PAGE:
This year marks the 50th anniversary of the U.S. publication of Vladdy Nabokov's Lolita (after being held up for three years). To celebrate, your New School is holding a Lolita in America conference, this Saturday, including a panel discussion about Nabokov's soon-to-be-published posthumous novel The Original of Laura. Which, as you may recall, Nabokov wished to have burned after his death, and which his son Dimitri, after much attention-getting hand-wringing, decided to publish anyway.
On that Laura panel is the I guess you'd say cultural critic Ron Rosenbaum, who this week, anticipating the panel in one of his intermittent, interminable Slate columns, buries his lede and says on page three — in his typically windy, fussy, totally fucking useless manner — that, despite his earlier and public indecisiveness (and subsequent credit-grabbing) on the subject, he now wishes Dmitri had burned the thing after all.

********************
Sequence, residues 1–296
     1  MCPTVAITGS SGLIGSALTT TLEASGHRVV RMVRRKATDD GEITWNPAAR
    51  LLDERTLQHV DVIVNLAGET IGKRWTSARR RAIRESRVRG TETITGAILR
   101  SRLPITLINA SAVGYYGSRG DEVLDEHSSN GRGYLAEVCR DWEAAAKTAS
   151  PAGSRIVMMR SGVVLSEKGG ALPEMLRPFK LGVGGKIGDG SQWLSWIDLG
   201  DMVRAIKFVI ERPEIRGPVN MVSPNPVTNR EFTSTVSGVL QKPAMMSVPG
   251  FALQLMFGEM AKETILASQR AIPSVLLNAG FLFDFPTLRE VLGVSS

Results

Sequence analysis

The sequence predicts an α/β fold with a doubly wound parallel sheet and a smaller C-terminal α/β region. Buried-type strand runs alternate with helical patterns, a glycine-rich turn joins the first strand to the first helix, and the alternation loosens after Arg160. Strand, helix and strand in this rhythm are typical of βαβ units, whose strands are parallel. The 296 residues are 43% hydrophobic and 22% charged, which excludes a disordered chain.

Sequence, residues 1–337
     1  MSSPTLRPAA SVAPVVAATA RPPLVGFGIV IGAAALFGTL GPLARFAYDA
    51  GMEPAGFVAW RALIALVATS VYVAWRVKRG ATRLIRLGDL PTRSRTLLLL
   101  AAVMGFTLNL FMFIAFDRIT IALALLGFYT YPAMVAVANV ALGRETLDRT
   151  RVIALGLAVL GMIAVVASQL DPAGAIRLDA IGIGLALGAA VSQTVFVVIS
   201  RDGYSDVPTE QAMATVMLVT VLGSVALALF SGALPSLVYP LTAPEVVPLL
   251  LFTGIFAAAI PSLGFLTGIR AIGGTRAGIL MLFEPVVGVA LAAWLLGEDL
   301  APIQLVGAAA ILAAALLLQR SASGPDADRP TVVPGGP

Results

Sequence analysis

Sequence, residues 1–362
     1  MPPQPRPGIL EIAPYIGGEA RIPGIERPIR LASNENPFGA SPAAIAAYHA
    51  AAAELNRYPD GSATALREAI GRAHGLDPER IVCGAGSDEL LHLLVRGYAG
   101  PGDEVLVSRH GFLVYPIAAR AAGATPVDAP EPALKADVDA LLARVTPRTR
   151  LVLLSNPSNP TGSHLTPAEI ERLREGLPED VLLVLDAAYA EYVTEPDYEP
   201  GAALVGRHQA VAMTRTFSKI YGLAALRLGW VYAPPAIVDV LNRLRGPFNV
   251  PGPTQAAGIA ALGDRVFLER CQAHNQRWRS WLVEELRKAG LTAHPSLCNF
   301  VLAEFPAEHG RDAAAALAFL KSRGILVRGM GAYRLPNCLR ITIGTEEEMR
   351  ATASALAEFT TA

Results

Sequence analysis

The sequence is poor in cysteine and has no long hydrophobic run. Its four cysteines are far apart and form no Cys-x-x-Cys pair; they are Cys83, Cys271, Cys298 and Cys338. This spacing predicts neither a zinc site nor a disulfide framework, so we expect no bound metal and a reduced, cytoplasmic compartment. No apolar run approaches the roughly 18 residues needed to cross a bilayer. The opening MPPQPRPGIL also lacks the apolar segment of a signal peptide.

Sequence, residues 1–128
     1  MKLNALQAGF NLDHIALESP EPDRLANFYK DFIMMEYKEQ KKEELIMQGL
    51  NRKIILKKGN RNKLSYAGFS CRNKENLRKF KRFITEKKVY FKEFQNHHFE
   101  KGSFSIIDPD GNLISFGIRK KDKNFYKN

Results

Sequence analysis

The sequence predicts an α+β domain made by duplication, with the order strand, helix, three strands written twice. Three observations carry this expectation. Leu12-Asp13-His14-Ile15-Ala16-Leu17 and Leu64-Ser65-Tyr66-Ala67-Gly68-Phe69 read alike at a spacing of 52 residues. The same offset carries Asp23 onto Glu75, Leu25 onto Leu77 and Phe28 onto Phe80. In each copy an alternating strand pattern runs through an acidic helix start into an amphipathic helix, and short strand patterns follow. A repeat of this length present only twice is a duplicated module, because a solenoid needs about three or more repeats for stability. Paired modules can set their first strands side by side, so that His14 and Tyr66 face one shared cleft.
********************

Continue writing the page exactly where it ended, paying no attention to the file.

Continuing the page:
But. Guys. Explain to me please why we are even having a conversation about honoring the deathbed wishes of the guy who wrote, as the opening sentence of his autobiography:
The cradle rocks above an abyss, and common sense tells us that our existence is but a brief crack of light between two eternities of darkness.Jesus H. Christ in a glass case on Wyckoff Avenue, where Nabokov thought he was going there's no real way of caring whether or not people do or don't burn the damn manuscript.